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  • Abrahamic Covenant (3)

    • What a privilege it is to speak to you, a royal generation, who were chosen before the foundation of the world to come forth at this time to do an important work. I have met many of you during my service in the Church, and I have been impressed by your brightness and goodness. I can picture you now in your gatherings all over the world, from the United States, Mexico, Brazil, and other countries i
    • Thank you, President Robert L. Millet, for your introduction. We appreciate you and all who faithfully serve as leaders among the wonderful youth of Zion. We acknowledge the presence of Elder Henry B. Eyring of the Quorum of the Twelve Apostles, Elder Merrill J. Bateman of the Seventy, and each of you wonderful young adults. Thousands are attending here tonight, and thousands more will participate
    • Sister Nelson and I are thrilled to be with you on this special occasion. Whenever we come to BYU and are privileged to rub shoulders with members of the faculty and student body, we are better for it. In two days, people in this nation will set aside their usual labors and celebrate Thanksgiving Day. This custom fosters gratitude to God for the good things of life. Each one of you will offer y
  • Accountability (9)

    • It is truly an honor and a privilege to be with you today. I am especially pleased to have the opportunity to address you graduates. You have my commendation and congratulations as you graduate from this very unique and choice university. I did not have the privilege of attending Brigham Young University as a student, but I was privileged to serve here in the administration for a time. My wife
    • My dear brothers and sisters, it is indeed a privilege to be with you this morning. It is now a new year—2005—as well as the beginning of a new semester here at Brigham Young University. My sincerest desire is that you have a wonderful experience as you flourish in the academic and spiritual atmosphere here and live amidst the outstanding students with whom you associate. There are many aspects
    • This pleasant introduction reminds me of some of the things I’ve been up to over the vanished years. I heard recently someone say that nostalgia is a wonderful thing, but what good is it if you can’t remember anything? We have very happy memories, and some of them relate to these folks sitting behind me for whom I have the highest and most sincere regard. These kind words also reaffirm the feeling
    • I cannot understand how I agreed to come here today. We have just concluded a general conference of the Church and a number of associated meetings. I am hoarse from speaking and feel drained of things to speak about. On Thursday, day after tomorrow, I leave for London for a regional conference to be followed by the rededication of the London Temple and then the rededication of the Swiss Temple.
    • It was exactly thirty-nine years ago, about this time of the month, that I gave my best girl my South African diamond. We are delighted to be here today on this special Valentine’s Day, and also at a time when we recognize our national leaders. I’m happy I brought my valentine with me. She will always be one of my very special heroes. She personifies as much as anyone some of the important princip
    • It’s a special privilege, brothers and sisters, to be with you on this Sabbath evening. I’m grateful for the invitation to return to this campus and to share some thoughts with you this evening. It is always an awesome responsibility to confront a congregation of this magnitude in this facility. There is something intimidating about being behind this podium. Three Facets of the Plan of Sal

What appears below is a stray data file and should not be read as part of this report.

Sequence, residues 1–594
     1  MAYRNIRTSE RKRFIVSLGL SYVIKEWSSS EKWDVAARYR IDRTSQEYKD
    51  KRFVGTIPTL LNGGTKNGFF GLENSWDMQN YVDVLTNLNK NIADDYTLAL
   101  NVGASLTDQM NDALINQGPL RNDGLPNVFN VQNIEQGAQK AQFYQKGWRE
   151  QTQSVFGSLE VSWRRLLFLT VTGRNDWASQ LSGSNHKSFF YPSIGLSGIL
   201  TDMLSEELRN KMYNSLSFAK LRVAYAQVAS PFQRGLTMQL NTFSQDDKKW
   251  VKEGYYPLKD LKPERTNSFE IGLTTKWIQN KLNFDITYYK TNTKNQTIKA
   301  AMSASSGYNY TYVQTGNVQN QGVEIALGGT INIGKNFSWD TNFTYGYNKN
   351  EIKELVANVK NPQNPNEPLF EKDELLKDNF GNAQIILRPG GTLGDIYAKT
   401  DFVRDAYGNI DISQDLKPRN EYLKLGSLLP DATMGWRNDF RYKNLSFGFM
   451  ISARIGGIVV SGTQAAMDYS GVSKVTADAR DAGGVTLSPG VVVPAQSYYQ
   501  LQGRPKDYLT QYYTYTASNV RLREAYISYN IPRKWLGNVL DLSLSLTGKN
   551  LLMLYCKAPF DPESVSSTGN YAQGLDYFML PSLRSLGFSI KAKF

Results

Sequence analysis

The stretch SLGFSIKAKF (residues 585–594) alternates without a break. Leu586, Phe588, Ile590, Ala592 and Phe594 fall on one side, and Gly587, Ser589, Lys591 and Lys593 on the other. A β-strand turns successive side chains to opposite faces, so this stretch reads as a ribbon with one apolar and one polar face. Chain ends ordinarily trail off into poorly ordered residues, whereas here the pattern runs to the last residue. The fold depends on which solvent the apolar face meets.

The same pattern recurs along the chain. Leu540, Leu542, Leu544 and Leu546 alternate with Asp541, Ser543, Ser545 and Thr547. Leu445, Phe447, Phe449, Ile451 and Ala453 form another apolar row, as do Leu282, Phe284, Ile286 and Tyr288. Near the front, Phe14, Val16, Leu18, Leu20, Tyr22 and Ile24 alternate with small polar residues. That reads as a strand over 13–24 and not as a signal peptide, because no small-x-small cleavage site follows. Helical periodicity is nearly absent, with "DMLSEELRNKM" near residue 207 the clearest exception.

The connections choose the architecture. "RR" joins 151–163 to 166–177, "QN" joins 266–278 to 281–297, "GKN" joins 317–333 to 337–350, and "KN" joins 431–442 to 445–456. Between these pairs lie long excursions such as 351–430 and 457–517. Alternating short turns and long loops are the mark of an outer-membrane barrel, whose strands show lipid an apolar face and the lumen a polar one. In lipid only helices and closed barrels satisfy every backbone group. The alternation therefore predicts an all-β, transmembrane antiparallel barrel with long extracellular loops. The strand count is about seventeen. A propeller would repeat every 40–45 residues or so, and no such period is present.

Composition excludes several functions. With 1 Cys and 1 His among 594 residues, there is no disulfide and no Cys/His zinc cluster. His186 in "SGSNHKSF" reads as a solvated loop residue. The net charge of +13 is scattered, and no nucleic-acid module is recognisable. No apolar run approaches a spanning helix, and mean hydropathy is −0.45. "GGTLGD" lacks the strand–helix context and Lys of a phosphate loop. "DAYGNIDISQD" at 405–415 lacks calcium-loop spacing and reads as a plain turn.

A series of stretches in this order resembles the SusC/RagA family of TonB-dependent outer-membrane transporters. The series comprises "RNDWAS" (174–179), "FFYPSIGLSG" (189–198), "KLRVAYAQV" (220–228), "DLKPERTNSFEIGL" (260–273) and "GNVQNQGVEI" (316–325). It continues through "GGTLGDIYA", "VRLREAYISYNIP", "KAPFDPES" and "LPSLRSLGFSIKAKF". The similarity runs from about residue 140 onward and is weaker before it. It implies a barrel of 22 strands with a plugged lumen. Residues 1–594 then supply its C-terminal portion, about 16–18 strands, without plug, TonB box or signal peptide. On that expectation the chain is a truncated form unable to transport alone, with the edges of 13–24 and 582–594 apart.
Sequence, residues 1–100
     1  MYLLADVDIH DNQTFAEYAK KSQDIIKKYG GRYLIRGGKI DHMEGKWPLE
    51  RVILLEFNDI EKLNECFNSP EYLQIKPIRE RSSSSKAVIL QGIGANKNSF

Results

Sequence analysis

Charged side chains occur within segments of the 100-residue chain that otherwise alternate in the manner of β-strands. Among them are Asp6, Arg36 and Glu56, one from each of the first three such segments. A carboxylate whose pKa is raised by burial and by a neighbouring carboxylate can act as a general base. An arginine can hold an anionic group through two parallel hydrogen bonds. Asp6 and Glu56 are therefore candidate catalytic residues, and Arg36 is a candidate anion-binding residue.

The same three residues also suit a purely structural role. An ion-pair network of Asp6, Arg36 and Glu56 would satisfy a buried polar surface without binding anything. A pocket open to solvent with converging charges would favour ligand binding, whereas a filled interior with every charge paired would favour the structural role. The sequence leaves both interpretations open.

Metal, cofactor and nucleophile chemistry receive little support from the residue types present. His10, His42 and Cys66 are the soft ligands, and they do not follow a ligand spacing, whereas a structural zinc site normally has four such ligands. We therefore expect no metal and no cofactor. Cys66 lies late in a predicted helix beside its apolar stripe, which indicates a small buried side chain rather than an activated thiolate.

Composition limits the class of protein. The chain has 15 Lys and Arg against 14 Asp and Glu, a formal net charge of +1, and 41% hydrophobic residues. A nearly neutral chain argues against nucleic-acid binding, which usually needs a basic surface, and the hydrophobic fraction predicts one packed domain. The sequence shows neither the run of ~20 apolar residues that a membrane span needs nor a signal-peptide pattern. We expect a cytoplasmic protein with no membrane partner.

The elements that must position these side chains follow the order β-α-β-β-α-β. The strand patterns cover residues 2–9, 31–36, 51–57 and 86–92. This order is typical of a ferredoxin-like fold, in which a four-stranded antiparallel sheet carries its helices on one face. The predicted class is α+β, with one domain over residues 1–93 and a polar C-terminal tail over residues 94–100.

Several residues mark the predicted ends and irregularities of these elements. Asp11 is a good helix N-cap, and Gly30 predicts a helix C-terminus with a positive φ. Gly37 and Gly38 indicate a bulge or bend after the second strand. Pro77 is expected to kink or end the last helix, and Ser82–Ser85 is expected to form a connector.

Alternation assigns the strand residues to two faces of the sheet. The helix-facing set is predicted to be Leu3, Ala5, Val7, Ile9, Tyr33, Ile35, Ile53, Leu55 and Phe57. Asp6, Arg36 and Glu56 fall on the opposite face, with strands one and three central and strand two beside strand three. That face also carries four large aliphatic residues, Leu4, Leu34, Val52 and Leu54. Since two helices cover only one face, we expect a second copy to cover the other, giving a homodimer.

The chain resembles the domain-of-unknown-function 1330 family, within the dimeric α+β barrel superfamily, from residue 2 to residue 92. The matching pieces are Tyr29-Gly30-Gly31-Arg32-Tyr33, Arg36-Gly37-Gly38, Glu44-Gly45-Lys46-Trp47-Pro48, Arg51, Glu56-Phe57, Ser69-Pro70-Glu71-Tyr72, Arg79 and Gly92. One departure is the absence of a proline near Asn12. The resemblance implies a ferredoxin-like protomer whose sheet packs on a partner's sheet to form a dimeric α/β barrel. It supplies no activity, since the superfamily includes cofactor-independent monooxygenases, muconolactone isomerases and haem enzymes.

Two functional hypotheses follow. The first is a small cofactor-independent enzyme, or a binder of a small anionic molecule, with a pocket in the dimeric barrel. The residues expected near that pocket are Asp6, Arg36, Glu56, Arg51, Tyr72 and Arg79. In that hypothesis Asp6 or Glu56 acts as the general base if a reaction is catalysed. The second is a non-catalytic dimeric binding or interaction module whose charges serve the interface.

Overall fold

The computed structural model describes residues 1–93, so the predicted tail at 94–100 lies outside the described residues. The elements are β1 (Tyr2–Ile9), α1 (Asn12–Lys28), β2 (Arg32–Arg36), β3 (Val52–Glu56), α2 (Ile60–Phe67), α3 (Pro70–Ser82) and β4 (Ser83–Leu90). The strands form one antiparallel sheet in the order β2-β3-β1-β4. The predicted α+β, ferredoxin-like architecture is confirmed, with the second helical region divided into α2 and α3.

• Adoption (1)

    • It is a great honor to speak to you today. I have known this overwhelming task was coming my way for the last year or so. The Spirit has whispered it to me. And I, well, I have tried to ignore those feelings. It seemed too important a task to fall to me, so I tried to push the thought aside. But it returned from time to time and I thought, “Oh my, what could I ever talk about that would be worthy
  • Agency (30)

    • One of the most cunning aspects of the adversary’s efforts to thwart our Father in Heaven’s plan of happiness is his deceitful teaching that there is no evil influence or devil1 and his attempt to redefine evil as good and good as evil, darkness as light and light as darkness, and bitter as sweet and sweet as bitter!2 This is sometimes called a paradigm shift—or “when the
    • I was born in Mountain View, California, the second of (eventually) eleven children. We settled in a relatively quiet neighborhood on the east side of San Jose, not far from the rolling foothills that are crowned by the imposing Mount Hamilton, home to the Lick Observatory, “the first permanently occupied mountaintop observatory in the world.”1 The weather was usually pleasant, even dur
    • We are and will be faced with all types of choices throughout our lives. Each choice we make or action we take carries some type of consequence. The consequence can be positive or negative. A consequence does not always have to be negative; I think we are conditioned to think of consequences as negative. Sometimes consequences appear to be both negative and positive, depending on your point of vie
    • We deal with one key aspect of the remarkable plan of salvation many times each day (in reality, many times each hour): agency, or the ability to choose for ourselves. As I was preparing these remarks, I tried to think of a comparison to convey the importance of agency in the plan of salvation. First I thought of a piece in a jigsaw puzzle. Have you ever put together a jigsaw puzzle and found out